Creative Arts Breathing Life Into Caring for Alzheimer’s Disease
November 25, 2014
Hosted by Dr. Gordon Atherley
Dr. Mary Archer, Breath of Life Arts, lives her life in show business, email@example.com. She talks about her life, career, and experience with family caregiving. She explains dance as an art form and her work for Alzheimer’s disease. She describes how her students aged 7- 95, some reliant on wheelchairs or walkers, connect through singing and dancing, and explains how she includes dance in classes for people 55 plus. She explains the Heart’s Code’s importance in thinking about the mind, and how it links to dance as an art form. She highlights how the Center on Aging Health & Humanities at George Washington University rates dance as an activity that promotes physical and mental health. She says what more she would like to do and see done to advocate for dance as a valuable activity that promotes physical and mental health. She shares her message for family caregivers caring for elderly relatives about dance as a valuable activity that promotes physical and mental health.
Family Caregivers Unite!
Archives Available on VoiceAmerica Variety Channel
Family caregivers are the people who provide care to partners, parents, children, brothers, sisters, cousins, friends, neighbors and even co-workers. They are the people who provide care when everyone else has gone home. They are the people who organize the functioning of the home for the person with special needs, and for the family as a whole. They are the coordinators of care, the managers of appointments, the preventers of loneliness, and the makers of decisions even to the point of Power of Attorney. And they are so often people who themselves are burdened with their own health challenges and who may be in only marginally better health than the persons to whom they are providing family caregiving.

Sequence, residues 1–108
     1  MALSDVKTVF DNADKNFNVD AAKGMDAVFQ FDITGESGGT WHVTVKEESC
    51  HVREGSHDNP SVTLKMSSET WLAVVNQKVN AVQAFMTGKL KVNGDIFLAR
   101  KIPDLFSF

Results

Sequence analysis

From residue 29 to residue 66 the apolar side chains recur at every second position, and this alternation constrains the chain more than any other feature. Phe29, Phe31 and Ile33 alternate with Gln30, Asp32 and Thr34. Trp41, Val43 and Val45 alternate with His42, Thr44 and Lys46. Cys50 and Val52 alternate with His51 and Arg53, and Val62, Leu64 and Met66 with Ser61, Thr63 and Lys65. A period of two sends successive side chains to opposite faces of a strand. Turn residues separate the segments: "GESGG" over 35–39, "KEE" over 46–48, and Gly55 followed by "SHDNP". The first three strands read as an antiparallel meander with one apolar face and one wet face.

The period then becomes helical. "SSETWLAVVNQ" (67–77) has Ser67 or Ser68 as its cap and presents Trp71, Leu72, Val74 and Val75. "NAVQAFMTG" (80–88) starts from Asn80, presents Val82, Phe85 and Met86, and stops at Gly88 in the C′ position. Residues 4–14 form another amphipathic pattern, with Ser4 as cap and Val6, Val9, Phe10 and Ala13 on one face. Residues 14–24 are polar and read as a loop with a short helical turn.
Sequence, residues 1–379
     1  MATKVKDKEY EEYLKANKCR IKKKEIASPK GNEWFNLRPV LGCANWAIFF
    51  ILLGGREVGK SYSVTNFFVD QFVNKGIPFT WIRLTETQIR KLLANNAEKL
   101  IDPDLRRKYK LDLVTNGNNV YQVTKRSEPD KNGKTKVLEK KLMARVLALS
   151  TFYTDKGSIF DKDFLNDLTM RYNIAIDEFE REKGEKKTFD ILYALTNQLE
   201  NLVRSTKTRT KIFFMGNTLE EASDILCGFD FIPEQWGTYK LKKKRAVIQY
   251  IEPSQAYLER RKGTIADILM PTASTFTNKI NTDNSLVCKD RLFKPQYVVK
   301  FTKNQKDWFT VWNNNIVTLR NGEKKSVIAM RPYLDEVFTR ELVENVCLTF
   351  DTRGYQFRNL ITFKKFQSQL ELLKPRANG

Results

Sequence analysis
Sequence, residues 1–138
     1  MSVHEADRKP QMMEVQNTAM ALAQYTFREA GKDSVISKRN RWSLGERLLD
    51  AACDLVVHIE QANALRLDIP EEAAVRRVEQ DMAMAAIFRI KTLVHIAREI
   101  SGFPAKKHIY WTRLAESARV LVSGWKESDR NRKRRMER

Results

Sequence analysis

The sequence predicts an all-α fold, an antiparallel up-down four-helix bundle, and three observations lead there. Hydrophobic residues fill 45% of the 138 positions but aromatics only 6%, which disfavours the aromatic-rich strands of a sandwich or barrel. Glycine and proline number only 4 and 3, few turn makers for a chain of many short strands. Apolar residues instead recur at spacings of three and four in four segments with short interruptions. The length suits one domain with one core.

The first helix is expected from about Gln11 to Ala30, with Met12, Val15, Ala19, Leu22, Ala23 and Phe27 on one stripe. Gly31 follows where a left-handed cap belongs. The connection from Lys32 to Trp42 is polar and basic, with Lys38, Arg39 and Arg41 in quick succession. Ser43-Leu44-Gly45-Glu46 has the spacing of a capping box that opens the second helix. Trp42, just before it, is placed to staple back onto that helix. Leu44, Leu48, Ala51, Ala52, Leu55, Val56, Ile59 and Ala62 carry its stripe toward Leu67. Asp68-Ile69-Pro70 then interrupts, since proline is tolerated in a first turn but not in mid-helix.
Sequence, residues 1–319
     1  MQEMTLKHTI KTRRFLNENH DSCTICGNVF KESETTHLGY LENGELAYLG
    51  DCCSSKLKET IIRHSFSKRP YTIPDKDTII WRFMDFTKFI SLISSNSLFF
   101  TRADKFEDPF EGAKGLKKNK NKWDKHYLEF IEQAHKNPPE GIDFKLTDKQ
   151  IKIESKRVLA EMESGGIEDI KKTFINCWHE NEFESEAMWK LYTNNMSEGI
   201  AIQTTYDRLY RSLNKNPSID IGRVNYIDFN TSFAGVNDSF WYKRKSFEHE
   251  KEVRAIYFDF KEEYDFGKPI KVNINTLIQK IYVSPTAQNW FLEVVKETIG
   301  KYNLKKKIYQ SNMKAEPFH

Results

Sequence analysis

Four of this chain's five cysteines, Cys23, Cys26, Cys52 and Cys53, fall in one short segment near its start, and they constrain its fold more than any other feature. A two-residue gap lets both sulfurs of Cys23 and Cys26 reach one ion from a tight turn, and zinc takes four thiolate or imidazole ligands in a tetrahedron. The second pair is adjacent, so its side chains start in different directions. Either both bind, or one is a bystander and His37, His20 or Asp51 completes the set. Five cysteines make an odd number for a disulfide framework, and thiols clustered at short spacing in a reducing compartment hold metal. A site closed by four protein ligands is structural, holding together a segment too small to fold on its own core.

Dr. Gordon Atherley
Dr Gordon Atherley holds the British equivalent of the Canadian PhD and MD degrees, and LLD, Honoris Causa, from Canada’s Simon Fraser University. His awards include Fellow of the Royal Society of Arts, UK. His medical specialties are occupational medicine and public health.
As first President and Chief Executive Officer of the Canadian Centre for Occupational Health and Safety, the Canadian equivalent of the US National Institute of Occupational Safety and Health, he led the creation of Canada’s electronic information service in occupational health and safety, now used in more than 40 countries.
In academia, he held senior, tenured, full-time positions, including departmental chair, in university faculties of physics, engineering, and medicine. He is the author of a textbook and numerous articles and publications.
Since retiring from medical practice, he’s built up Greyhead Associates, which critically researches the safety, effectiveness and fairness of health services for persons with special needs.
Through Virtual Care International, a company of which he’s President, he’s involved in providing sensible technology to family caregivers to help them with their responsibilities, workloads, and concerns.
Now an activist, he urges family caregivers to unite because, more and more, it’s not just their families who depend on them, it’s also the healthcare system as a whole, as it struggles to meet more and more needs of more and more people.